However, if you are trying to get it honed and sharpened to being pretty much better than brand new, then you're going to want something more.

That's why I use this:

As you can probably tell, it's been used a bit. I don't just use it for the nibs, I use it for just about all my knives. It works great to hone it back into shape and then bring it to a point.The diamond stone above is excellent at keeping the knives well maintained while this one restores them.

It's quite a bit bigger, by about a foot or so, so I keep it stored until I feel like I need it to help save space.

Personally, I like to keep the diamond stone right around me while I'm working on a scratchboard, and I just pull out the big one when I start to feel like the diamond stone is helping as much anymore.

The nibs are a little wonky to try to sharpen as they are small and have kind of a weird angle on them, but as you sharpen them more and more, you kind of figure out the best ways to do it.

Here's a youtube tutorial by Munchies that I find extremely helpful to learn how to hone and sharpen knives:

Other Tools for the Etching Process

So here's a wide variety of the different tools for the etching process. I'm going to keep it short and sweet for each one because there's not as much to go on about these.

Starting from the left and going right:

Stainless Steel Wire Brush: Great for making random textures, a little bit wonky to use though because of the angle of the wire.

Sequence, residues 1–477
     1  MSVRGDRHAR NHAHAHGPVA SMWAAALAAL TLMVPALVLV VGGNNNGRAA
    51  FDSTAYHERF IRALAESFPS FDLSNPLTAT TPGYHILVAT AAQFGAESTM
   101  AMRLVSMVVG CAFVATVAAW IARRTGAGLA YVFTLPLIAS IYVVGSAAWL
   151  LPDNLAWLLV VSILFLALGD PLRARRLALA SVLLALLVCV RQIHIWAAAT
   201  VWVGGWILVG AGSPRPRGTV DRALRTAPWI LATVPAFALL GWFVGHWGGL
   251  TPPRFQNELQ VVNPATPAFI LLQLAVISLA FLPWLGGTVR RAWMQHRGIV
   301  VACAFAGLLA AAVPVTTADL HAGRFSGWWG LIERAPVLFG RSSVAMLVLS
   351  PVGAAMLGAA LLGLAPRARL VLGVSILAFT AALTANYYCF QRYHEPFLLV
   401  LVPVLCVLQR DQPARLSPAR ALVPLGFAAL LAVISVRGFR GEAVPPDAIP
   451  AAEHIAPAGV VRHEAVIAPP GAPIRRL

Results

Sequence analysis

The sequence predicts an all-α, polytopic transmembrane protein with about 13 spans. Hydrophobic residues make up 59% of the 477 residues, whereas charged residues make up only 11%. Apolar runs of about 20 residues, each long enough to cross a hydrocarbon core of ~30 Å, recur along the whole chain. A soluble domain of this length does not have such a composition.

Parallel Lines tool: THIS is the tool I would use rather than the nibs that I talked about earlier. It works a lot better and is a lot easier to use.

Richeson Twisted Etching Tool: This works fantastic for small precise dots. Also works okay as a straight knife scratch tool if you have no other choice.

Fiberglass Erasing Brush: Great to make gradual shading changes, basically just imagine an eraser for a pencil, except you are erasing the canvas instead of the lines you made on the canvas.

Nib Holder: A basic nib holder that comes in the Ampersand Scratchboard Tools set. Personally I prefer the speedball one.

Speedball Standard Pen Holder: Works great as a nib holder, more comfortable to hold than the other nib holder. Obviously, I recommend this one over the other one.

X-Acto Knife #1: I recommend using a #11 blade with it. Great for super thin lines and also big spaces. It's really versatile on the uses for it, really just depends on how you hold it. Biggest issue I have with it is that it's slower than using the nibs because it's not designed specifically for this purpose like they are.

Steel Wool: Works great at making gradients. Pretty similar to the Fiberglass Erasing Brush, but isn't as rough. It makes the gradients a better slower, but it all depends on the grit of the steel wool.


Saral transfer paper works great to outline designs, highlights, lowlights, and everything else really. Just tape it on to the front with the (what I call) dusty side facing toward the scratchboard and you're good to start sketching on it.

The "dust" that gets transferred onto the surface easily comes off along with the scratchboard ink when scratched and, depending on how long you let the material set on there, water-damp toilet paper takes off the remainder pretty well as well. I've tried using an eraser before on it, but I'm always worried about discoloration from erasing, so I don't do that anymore.